History of the Institute of Oriental Studies
The Institute of Oriental Studies (IOS) at the University of Leipzig has a long and interesting history. It was established in 1728 when Johann Christian Clodius (d. 1745) became the first professor for Arabic language. Later, Johann Jakob Reiske (d. 1774) established the science of Arabic Studies based on his philological work. The development of Arabic studies at the University of Leipzig is strongly connected with the work of Heinrich Leberecht Fleischer (d. 1888), who wrote and edited many important books such as The Commentary of the Holy Quran by Baidawi. After the death of Fleischer, August Socin (d. 1899) became the new director of the Institute. Another inspirational director, August Fischer (d. 1949), began reorganising the structure of the Institute during the winter semester of 1900/1901. Together with his colleague, Heinrich Zimmern (d. 1931), an expert in Assyrian Studies, they founded the "Semitistic Institute", which developed into an internationally renowned institute in the area of Philology.
Scientific journals like the "Leipziger Semitistische Studien" and "Islamica", written by profesors of the Semitistic Institute, promoted the discourse of language and culture of the Orient. Many other internationally renowned professors such as Hans Stumme (d. 1936) and Paul Schwarz (d. 1938) also worked at the Semitistic Institute. Unfortunately, the well equipped library of the institute was practically destroyed by the bombardment of the city on December 4, 1943. After World War II, Hans Siegfried Schuster (d. 2002) began to promote Islamic and Arabic studies at the Oriental Institute again. He succeeded in reestablishing an incredible library from many donations, which forms the backbone of the Institute's library today. After his resignation two other contemporary professors, Wolfgang Reuschel (d. 1991) and Guenter Krahl (d. 1992), continued researching on the theories of Arab philology.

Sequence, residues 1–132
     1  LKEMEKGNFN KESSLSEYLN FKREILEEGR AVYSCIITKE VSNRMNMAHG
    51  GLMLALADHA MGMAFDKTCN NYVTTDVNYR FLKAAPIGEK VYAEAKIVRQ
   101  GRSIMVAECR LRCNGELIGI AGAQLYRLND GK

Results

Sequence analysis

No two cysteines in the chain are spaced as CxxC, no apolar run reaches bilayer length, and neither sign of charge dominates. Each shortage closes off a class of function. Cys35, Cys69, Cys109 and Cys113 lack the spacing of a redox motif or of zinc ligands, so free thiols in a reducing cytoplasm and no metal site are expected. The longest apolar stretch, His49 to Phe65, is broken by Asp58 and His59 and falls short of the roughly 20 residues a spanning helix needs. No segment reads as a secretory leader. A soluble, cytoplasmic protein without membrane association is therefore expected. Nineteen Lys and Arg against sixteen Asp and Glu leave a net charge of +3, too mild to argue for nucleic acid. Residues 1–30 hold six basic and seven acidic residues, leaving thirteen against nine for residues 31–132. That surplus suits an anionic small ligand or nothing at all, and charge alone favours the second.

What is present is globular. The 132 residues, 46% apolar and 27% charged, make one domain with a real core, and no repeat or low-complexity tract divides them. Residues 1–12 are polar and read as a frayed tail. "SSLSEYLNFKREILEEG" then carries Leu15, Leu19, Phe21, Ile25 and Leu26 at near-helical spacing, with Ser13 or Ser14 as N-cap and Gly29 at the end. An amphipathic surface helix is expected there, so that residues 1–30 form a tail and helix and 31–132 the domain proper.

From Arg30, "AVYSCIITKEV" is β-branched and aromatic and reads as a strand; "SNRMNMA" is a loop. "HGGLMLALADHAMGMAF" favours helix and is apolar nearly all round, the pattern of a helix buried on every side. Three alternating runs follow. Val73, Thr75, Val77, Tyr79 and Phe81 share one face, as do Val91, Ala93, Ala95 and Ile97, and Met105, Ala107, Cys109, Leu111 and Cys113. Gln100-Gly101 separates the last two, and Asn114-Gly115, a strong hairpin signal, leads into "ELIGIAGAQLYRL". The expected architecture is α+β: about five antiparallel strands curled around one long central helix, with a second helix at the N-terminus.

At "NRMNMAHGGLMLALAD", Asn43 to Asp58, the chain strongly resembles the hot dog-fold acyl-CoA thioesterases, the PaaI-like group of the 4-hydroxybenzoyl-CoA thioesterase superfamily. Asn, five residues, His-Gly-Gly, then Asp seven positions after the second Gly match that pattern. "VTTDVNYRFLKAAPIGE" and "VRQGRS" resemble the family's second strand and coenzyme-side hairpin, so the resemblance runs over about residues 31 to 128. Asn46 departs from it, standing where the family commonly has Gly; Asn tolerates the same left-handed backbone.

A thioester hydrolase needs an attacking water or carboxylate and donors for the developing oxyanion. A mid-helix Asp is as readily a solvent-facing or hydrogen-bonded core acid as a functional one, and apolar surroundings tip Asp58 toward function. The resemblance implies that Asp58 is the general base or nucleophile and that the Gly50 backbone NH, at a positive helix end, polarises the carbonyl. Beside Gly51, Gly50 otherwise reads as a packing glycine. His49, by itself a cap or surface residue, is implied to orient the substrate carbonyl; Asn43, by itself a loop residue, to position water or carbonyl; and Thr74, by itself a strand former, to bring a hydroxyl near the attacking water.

* · See Preissler, H., " Arabic Studies in Leipzig from the 18th Century to the middle of the 20th Century ", in: Scientific magazine of the University of Leipzig, vol. one - History and Linguistics, Leipzig 28 (1979) 1, P. 28-105